I was about half way through the diary entries when I found the information about Dietrich, my uncle. As I read, the realization began to hit me and tears began to trickle down my face. The entries were dated from March 2-5 1941.

               March 2nd, 1941

   ‘Dietrich returned to the schloss yesterday. He is so handsome in his uniform. Papa wanted to have

    Portraits done of us both. I chose a simply designed crimson dress. The pictures came back today.

    I had not realized then that Dietrich was a member of the SS. Just before he entered the drawing

 Room he put on the SS uniform. Papa was furious, telling him to take that uniform off and put on his

Luftwaffe uniform immediately. Dietrich refused, Papa became more and more furious. The portrait sitting ended abruptly when Dietrich stormed out. Later that evening, Papa once again was in his study. I noticed Dietrich, his artic blue eyes glaring at the door of the study. He knocked on the door, Papa told him to come. The hated SS uniform that he was wearing was more than Papa could endure. The argument began in earnest.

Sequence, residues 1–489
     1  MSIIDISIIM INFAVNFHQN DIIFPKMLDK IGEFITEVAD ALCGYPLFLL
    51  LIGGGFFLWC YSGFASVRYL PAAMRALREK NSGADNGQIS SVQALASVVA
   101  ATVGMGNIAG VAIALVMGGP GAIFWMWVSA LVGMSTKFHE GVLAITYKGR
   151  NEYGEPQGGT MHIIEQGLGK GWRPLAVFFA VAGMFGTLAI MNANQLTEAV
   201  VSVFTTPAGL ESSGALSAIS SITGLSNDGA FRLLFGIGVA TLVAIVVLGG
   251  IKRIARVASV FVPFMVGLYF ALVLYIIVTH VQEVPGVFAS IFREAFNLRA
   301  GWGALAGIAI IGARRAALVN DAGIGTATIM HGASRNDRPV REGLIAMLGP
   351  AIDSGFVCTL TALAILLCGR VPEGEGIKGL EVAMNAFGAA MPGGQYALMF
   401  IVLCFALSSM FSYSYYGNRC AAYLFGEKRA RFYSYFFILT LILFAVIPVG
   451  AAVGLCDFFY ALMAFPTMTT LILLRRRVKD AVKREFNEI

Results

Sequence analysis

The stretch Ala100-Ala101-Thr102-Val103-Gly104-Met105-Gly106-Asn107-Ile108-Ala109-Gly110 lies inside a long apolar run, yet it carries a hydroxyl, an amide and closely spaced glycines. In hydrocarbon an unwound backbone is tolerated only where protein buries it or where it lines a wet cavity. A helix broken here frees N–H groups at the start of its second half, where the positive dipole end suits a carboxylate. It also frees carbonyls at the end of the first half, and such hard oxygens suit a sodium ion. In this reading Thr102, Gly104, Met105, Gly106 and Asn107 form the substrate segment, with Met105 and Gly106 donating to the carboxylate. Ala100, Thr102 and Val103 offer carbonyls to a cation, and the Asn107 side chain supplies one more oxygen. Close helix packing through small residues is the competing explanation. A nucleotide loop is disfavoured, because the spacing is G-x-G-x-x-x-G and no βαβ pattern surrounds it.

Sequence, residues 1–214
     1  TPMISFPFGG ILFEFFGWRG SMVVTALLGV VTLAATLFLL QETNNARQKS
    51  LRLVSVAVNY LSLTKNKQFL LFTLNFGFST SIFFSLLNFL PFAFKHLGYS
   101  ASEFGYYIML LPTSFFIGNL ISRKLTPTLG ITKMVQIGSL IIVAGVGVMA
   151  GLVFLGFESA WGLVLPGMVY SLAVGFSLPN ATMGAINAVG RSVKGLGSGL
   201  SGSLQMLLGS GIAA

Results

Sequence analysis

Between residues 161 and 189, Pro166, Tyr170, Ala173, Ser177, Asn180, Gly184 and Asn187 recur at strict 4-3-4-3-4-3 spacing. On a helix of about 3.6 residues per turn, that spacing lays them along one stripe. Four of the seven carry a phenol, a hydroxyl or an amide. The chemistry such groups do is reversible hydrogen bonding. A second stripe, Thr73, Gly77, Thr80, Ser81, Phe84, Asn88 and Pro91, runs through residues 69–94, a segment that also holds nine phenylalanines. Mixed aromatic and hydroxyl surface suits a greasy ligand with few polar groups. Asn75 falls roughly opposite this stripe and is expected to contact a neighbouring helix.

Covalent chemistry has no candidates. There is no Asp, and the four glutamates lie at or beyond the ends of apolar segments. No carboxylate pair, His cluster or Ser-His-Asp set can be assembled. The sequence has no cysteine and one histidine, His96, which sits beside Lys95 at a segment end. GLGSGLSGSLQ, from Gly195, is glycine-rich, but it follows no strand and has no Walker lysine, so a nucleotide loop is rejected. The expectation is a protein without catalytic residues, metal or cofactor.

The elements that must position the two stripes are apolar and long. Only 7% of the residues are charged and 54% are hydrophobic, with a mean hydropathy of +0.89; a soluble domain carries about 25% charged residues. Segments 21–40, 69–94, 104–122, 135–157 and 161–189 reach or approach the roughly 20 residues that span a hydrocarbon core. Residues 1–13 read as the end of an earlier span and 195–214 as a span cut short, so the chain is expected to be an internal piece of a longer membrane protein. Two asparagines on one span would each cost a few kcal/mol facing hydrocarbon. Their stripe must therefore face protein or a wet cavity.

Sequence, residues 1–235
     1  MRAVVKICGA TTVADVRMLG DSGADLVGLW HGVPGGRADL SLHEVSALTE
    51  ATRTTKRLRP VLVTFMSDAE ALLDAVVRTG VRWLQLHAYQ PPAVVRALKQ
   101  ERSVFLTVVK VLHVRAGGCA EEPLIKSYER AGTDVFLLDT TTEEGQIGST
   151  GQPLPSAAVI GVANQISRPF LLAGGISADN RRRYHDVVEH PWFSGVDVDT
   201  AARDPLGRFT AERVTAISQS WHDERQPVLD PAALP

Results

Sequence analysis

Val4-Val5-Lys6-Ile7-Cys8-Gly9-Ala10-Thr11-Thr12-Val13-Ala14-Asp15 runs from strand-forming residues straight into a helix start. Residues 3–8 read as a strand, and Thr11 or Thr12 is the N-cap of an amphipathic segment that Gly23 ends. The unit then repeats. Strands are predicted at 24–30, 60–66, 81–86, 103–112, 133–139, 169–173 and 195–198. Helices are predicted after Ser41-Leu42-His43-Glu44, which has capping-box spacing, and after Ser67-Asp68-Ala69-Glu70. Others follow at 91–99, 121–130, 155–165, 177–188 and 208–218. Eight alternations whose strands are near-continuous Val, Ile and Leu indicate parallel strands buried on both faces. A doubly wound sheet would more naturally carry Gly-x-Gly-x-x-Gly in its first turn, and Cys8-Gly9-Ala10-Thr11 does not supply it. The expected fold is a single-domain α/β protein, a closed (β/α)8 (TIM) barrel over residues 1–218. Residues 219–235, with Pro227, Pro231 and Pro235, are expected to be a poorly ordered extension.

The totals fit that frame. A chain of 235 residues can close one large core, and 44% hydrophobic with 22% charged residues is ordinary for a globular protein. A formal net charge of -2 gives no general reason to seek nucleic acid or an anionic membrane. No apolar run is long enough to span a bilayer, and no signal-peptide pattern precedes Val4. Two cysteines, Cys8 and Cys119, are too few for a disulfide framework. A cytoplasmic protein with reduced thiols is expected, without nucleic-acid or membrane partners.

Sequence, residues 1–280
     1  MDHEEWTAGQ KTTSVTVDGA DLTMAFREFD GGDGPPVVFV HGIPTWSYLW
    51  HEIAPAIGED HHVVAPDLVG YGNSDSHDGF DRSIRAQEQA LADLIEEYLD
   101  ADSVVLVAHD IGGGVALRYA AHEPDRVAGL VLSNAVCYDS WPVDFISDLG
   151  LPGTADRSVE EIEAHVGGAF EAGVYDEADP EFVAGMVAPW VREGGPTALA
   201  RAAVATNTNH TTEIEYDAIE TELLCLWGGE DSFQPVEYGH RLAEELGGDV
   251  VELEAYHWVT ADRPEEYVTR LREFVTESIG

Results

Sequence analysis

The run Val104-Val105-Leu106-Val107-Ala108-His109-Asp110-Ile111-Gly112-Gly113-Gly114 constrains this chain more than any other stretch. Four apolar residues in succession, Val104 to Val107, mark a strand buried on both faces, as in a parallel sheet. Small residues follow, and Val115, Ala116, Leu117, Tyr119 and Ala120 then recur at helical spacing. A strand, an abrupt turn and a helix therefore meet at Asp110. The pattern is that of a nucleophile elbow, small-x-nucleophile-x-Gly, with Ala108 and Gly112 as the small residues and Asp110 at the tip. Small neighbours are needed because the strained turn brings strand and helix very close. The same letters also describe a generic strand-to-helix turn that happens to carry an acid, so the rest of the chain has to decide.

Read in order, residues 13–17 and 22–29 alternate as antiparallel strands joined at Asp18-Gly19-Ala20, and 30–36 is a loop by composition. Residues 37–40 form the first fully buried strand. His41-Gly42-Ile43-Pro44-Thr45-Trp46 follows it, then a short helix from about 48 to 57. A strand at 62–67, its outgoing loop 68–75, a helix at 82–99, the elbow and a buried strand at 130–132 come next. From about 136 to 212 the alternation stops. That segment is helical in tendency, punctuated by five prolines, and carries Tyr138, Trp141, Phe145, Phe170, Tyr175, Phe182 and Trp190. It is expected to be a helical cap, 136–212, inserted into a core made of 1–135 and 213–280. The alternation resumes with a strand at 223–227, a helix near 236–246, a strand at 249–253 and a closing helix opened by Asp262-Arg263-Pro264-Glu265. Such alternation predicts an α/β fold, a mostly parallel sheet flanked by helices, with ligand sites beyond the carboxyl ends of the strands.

March 3rd, 1941

The argument became louder. I knocked on the door and was politely told by Papa to stay out. Dietrich was already screaming that Papa did not understand that being in the SS gave him great prestige, Papa told him to take it off. Dietrich, I think hit Papa, I frantically banged on the door. The words were becoming louder:

               “Get out you swine, get out! You are no longer my son. My son would not do the things 

               Are required of the SS. I know about the disappearance of our Jewish friends. People

               You have known all of your life.”